Being connected is great, right until it’s not. How to improve the quality of your connectedness with an expert from the Center for Creative Leadership.
- Center for Creative Leadership works to help improve leadership.
- Many people said that staying so connected really started when they received their smartphone.
- On average, people in the survey were connected to the workplace 72 hours a week, or 13.5 hours a day.
- Personal tasks done during the workday were accounted for in the research (even people that don’t work these kind of hours still do personal tasks at work)
- One of the biggest complaints was the number of meetings required in organizations.
- A major issue is being invited to meetings and then people realizing that they weren’t really needed.
- Setting clear agendas is key.
- Be explicit why each person is needed.
- Another major complaint was too many people making decisions.
- Be explicit about who has decision-making authority and who needs to be checked with.
- The intentional use of ambiguity as a management tool is also a challenge.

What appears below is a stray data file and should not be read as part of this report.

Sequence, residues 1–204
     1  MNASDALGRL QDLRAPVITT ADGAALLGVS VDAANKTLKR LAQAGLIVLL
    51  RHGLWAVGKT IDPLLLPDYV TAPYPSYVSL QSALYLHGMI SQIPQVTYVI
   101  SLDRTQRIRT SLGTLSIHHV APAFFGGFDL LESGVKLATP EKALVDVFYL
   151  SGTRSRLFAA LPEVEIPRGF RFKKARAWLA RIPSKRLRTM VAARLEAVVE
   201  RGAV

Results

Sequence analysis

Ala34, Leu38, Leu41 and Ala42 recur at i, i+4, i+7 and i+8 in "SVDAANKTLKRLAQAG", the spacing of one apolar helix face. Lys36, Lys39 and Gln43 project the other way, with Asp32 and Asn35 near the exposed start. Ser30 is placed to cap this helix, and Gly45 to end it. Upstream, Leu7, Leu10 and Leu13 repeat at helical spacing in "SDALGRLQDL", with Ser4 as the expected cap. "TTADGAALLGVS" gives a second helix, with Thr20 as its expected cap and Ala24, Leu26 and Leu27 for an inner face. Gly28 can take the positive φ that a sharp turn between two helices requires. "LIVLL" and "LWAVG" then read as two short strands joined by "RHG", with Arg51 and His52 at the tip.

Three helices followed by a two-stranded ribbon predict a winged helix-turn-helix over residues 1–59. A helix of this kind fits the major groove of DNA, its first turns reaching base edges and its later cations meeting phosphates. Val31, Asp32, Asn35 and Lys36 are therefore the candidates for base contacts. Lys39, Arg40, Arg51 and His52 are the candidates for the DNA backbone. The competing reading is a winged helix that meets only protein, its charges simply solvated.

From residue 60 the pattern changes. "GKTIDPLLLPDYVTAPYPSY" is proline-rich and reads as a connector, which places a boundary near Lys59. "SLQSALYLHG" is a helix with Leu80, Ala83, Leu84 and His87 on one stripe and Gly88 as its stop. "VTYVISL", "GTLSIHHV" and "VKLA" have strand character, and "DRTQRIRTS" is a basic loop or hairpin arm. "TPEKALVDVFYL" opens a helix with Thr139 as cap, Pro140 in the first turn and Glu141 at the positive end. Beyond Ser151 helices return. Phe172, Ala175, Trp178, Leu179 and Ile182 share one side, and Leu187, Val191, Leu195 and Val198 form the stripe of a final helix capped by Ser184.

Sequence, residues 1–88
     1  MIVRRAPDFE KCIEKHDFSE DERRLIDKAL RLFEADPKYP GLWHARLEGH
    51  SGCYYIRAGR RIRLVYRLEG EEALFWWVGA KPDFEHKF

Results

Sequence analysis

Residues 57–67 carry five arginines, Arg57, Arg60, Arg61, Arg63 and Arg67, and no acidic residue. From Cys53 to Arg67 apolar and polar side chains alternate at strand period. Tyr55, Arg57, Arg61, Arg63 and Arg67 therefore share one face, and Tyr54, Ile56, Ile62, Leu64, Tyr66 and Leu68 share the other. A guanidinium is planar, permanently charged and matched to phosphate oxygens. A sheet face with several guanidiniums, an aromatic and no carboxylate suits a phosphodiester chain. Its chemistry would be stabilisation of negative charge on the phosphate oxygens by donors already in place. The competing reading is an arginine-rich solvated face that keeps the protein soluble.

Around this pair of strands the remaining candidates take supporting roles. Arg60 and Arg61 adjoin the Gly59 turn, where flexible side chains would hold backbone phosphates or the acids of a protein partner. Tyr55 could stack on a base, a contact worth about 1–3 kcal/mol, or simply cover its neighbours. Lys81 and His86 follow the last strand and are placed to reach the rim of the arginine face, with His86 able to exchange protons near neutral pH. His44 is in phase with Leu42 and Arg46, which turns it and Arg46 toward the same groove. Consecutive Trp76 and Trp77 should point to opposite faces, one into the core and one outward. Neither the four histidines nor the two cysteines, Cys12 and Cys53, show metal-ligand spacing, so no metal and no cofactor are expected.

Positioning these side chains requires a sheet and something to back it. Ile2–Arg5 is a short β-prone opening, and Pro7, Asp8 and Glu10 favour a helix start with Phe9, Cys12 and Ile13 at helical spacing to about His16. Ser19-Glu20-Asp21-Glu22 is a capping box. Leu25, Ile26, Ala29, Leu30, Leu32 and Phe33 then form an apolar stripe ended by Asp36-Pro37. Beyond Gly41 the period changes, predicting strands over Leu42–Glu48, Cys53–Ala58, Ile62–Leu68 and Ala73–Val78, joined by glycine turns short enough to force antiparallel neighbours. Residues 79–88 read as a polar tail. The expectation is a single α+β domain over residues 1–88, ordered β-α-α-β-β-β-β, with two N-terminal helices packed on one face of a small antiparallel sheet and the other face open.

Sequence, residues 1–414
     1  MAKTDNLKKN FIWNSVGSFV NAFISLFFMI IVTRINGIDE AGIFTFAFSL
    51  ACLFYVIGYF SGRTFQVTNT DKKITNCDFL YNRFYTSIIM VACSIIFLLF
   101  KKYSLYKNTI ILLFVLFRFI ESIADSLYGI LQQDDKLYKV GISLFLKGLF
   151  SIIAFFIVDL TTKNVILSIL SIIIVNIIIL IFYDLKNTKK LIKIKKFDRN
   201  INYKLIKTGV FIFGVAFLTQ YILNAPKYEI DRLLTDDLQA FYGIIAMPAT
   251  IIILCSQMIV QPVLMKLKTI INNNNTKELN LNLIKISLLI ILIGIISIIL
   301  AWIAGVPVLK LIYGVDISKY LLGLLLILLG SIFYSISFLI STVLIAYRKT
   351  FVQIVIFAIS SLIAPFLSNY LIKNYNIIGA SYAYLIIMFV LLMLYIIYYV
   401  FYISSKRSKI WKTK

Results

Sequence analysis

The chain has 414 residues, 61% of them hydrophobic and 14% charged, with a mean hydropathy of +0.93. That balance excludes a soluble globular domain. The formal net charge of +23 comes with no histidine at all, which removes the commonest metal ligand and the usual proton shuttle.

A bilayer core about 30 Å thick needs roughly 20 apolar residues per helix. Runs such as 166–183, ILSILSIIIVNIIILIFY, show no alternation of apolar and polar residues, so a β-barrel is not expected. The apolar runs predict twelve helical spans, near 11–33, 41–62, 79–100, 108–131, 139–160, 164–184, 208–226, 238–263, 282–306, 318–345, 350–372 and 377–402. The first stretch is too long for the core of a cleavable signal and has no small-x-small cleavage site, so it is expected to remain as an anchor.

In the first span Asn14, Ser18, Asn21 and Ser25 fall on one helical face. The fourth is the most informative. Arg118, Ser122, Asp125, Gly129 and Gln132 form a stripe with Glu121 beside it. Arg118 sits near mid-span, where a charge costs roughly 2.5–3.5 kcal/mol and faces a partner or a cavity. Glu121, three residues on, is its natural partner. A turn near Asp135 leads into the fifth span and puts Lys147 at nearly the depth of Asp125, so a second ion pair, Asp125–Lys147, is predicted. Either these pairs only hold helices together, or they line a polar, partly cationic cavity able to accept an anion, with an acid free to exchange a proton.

- Sometimes people don’t make a decision so they don’t have responsibility for it, so they leave it in ambiguity.
- Clear agendas and outcomes help prevent this.
- This leads to crisis mode later on.
- What Jennifer does differently because of this research
- She still answers emails early in the morning and late at night.
- Setting better boundaries about having done enough work today.
- Being very specific on agendas for meetings.
- She turns down a lot of meetings that aren’t as high value as the other things she needs to be doing.
- Check out the Center for Creative Leadership for more resources
- Also see episode #128, Four Practices For Leading An Effective Meeting
What have you seen a leader do to encourage quality connections to the workplace?
Activate your free membership for full access to the entire library of interviews since 2011, searchable by topic.